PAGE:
Freeway maintains that it has received mostly positive feedback from clients.

In May, the UK Film Council sold collection account management company the National Film Trustee Company (NFTC) to Freeway Entertainment Group. Now, some rights holders have come forward to complain about extra costs they say Freeway are levying on them.

The NFTC, formed in 1971, administered revenues for more than 450 films.

After the take-over, Freeway is understood to have asked rights-holders to pay a one-time charge of $3,970 (£2,500) toward the expenses of administering a collection account. This is intended as an advance against future collection account fees received by Freeway and is recoupable.

Certain rghts-holders who entered into agreements with the NFTC when it was still a Government-owned body are unhappy that the rules regarding their contracts now appear to have shifted.

“All our collection agreements are confidential and we are not in a position to discuss any financial matters in relation to those agreements,” Gadi Wildstrom, managing director of Freeway Entertainment, told Screen.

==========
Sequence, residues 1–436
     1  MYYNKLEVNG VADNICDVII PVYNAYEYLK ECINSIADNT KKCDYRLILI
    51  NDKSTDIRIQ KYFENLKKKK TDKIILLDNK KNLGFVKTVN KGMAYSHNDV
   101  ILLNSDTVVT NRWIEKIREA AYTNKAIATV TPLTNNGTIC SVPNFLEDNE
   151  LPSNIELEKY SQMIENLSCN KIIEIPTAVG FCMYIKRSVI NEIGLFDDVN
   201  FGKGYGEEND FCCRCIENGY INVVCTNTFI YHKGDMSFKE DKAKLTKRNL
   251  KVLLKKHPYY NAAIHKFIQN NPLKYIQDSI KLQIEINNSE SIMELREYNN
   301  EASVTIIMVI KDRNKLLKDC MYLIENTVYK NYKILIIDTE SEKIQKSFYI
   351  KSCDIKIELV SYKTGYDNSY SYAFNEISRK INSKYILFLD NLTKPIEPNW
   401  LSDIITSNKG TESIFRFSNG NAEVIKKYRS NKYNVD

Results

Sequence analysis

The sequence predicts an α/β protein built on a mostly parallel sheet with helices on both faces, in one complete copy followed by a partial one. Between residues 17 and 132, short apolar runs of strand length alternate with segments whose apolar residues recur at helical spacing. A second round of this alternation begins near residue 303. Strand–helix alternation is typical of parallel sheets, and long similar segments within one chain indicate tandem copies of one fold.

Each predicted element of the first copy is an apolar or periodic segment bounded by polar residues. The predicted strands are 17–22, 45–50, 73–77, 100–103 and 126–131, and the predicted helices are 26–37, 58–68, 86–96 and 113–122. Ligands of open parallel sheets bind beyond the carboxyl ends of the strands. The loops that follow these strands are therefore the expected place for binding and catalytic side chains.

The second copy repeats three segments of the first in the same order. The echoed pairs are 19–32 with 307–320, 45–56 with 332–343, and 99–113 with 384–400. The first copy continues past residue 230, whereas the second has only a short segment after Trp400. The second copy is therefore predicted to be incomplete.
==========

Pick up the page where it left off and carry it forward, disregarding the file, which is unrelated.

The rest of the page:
Wildstrom added that Freeway incurs costs in managing collection accounts. “We want to recoup those costs like any other service provider would do.” He pointed out that clients who felt they were being mistreated were free to go elsewhere and that Freeway has been receiving “posiive feedback” from the vast majority of the clients it inherited. “(They) are extremely happy with the service we provide and the modernised way we do it.”

Rights-holders from smaller budget British films who’ve been disputing the charges from Freeway declined to speak on the record. However, some have made their unhappiness clear and may now look to extract their films from Freeway.

Contacted this week, the UK Film Council declined to give details of the terms it struck with Freeway for the sale of the NFTC. The UKFC and Freeway are understood to have signed non-disclosure agreements about the deal.